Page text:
College of Engineering, Computing and Applied Sciences; Research

Clemson reveals first student-engineered autonomous prototype

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Creating innovations for the future and driving advancements in mobility requires a workforce of dedicated engineers, designers and creators passionate and knowledgeable about our industry. That’s why Ford teamed up with Deep Orange, a student-driven vehicle prototype program within the Department of Automotive Engineering. Housed at the University’s International Center for Automotive Research (CU-ICAR), the two-year master’s program empowers students to design and build fully-functional concept vehicles from the ground up.

For the program’s tenth iteration, the students designed the University’s first self-driving electric vehicle prototype for passengers. Throughout the project, Ford’s role was to guide and advise students. The student team’s hard work resulted in an inventive prototype: a self-driving, battery electric vehicle experience with human-centered design at the forefront.

Built from the ground up

To bring this autonomous vehicle to life, the students started from the ground up to imagine use cases for self-driving vehicles. Using the human-centered design lens, the students focused on: giving time back to families during a commute or while traveling; connecting college students who might not have a vehicle; and maximizing productivity for business professionals on the go. Driven by these personas, the final design features a vehicle experience focused on passenger comfort and intuitive controls.  

  • Spacious ride: For use as a personal vehicle, the interior feels like a living room on wheels, with seats facing each other, low floor clearance and sliding swing-out doors for maximum accessibility. The team also envisioned a semi-transparent display screen on the windshield to show navigation and entertainment options.
  • Touchless experience: With intuitive controls like voice and gesture commands, a rider can direct the vehicle to make a decision. For example, by pointing to a parking space or by voicing a direction, the car could self-navigate to the indicated destination. This could be extremely helpful in a post-COVID world, minimizing contact with high touch surfaces.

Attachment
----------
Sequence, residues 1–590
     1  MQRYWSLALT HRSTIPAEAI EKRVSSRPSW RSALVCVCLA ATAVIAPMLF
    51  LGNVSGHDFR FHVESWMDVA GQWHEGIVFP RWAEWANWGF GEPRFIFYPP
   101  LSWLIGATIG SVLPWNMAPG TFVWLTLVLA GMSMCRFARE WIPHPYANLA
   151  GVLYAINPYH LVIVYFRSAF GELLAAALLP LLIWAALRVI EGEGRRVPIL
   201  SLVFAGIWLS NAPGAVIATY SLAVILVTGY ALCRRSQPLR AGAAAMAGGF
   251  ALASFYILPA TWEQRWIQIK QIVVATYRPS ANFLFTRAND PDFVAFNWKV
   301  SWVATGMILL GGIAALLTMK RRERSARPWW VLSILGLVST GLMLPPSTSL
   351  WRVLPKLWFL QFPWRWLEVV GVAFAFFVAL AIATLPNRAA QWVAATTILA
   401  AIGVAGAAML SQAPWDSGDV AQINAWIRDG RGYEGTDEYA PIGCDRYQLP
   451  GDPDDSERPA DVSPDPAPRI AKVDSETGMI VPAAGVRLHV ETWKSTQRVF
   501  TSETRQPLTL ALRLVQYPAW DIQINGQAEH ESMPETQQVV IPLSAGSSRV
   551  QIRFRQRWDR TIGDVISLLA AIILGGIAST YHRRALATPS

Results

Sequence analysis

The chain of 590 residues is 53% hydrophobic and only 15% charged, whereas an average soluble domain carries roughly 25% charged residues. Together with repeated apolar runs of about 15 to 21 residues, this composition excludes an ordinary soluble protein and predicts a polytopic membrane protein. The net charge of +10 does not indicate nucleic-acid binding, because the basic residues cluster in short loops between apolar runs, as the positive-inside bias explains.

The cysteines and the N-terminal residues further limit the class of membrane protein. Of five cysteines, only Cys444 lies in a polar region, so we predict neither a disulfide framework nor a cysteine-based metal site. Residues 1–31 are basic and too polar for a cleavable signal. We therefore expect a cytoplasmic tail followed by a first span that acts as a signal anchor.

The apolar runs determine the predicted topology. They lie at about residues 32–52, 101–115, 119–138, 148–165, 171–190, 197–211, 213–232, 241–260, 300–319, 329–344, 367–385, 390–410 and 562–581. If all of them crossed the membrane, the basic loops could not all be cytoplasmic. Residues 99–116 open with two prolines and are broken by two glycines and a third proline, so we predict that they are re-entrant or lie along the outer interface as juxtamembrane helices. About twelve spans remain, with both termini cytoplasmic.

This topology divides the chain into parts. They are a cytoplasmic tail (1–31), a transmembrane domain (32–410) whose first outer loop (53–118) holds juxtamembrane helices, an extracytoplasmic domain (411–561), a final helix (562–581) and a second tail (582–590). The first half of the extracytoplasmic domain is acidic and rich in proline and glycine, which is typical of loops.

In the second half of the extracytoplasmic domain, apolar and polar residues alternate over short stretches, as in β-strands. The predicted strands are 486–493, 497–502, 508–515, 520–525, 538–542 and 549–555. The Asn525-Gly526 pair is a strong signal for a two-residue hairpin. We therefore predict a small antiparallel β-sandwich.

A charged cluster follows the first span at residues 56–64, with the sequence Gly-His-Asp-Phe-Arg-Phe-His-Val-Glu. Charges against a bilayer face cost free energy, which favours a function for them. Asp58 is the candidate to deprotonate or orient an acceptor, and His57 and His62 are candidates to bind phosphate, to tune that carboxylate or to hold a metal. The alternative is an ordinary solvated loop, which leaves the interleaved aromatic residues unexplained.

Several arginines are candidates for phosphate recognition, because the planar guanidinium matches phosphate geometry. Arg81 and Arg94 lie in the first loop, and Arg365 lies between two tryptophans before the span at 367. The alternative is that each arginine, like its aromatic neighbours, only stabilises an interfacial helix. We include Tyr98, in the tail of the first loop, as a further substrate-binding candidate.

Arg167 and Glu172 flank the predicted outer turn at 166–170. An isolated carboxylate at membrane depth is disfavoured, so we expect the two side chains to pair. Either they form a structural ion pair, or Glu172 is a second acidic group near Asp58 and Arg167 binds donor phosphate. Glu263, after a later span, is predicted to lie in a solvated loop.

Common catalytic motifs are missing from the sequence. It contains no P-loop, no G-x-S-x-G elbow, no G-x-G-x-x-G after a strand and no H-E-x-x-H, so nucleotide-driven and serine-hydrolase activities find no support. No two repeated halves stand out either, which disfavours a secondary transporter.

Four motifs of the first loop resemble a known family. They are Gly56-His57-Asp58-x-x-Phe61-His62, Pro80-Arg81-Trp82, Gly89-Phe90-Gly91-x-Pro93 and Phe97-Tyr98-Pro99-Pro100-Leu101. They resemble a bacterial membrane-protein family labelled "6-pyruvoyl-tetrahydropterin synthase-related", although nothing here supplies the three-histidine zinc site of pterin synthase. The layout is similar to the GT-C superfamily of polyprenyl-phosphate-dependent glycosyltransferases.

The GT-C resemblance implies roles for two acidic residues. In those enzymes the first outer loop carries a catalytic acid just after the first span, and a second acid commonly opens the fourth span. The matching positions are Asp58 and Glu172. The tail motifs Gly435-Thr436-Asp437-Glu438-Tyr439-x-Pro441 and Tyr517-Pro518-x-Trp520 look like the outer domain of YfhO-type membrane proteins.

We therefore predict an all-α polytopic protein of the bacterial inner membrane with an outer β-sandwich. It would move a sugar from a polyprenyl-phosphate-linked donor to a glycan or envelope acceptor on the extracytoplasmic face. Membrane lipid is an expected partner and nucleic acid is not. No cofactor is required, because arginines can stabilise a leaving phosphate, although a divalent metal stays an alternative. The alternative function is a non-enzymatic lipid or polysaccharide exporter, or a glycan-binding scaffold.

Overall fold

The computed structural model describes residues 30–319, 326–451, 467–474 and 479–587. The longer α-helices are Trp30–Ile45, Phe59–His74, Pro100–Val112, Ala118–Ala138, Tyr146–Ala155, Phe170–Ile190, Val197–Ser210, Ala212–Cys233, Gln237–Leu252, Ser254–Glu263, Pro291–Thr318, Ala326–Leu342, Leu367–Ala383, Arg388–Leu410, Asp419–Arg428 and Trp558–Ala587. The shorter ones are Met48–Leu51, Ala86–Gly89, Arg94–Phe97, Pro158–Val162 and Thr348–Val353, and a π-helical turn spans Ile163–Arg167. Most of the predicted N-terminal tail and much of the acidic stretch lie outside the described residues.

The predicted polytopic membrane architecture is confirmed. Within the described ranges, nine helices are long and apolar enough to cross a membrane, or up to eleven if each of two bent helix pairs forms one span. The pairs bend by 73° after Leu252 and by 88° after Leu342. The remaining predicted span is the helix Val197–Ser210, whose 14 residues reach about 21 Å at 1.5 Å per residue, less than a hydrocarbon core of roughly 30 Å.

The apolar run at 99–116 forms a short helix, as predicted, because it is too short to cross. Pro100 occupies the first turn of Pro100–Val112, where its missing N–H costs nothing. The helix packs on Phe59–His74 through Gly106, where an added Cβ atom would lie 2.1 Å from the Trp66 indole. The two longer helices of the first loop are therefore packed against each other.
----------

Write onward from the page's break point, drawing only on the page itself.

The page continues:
• Passenger comfort: The team also wanted to gauge passenger comfort via wearable devices that detect any passenger discomfort and modify the car’s driving behavior such as speed and driving style to mitigate discomfort for things like motion sickness.

While Clemson students were responsible for designing the vehicle and creating an innovative user experience for a rider, a student and now Ford employee, Steven Lee from the College for Creative Studies (CCS) in Detroit was key to bringing the self-driving vehicle design to life and worked closely alongside the students and Ford from the exterior to interior. The initial design sketches generated by CCS of the prototype showcased a purpose-built driverless vehicle design.

Driven by partnerships

Deep Orange is a sought-after program for students because it provides them with the hands-on experience of taking a car from concept to reality. Students are free to pursue their creativity and vision for the future of the automotive industry while receiving feedback and guidance from an automaker like Ford. It is a powerful learning experience for a budding engineer. They also had a chance to work with Sage Automotive Interiors and Ford’s color material and finish team, broadening their understanding of the vehicle design process. Working with students doesn’t just help prepare them for a successful career in the industry — it also keeps Clemson’s faculty and industry partners at the forefront of cutting-edge research and creative thinking. This project also held a special significance for the team as the Ford employees advising the students were Clemson alumni from previous Deep Orange projects.

Nurturing the talent of tomorrow

Since hiring their first Clemson Deep Orange alumni, Ford has had great success bringing graduates and undergraduates from the University on board. Today, Ford employs over 50 graduates of Clemson’s Automotive Engineering program, half of which participated in the Deep Orange program. Out of the Deep Orange 10 team, five found their home at Ford following graduation. Working hand in hand with industry allows Clemson to develop the best and brightest leaders driving the mobility industry.

First look at the design

From their early designs to the finished prototype, these Clemson students brought new focus and passion to a real-world project. Congratulations to this outstanding cohort of engineers. We truly will see a brighter, better transportation future, because of passionate, skilled engineers like the Deep Orange 10 class.

Now on display at the Greenville-Spartanburg International Airport, if you are in the Greenville, South Carolina area you can see Clemson University’s first autonomous passenger vehicle prototype!

Now on display at the Greenville-Spartanburg International Airport, if you are in the Greenville, South Carolina area you can see Clemson University’s first autonomous passenger vehicle prototype.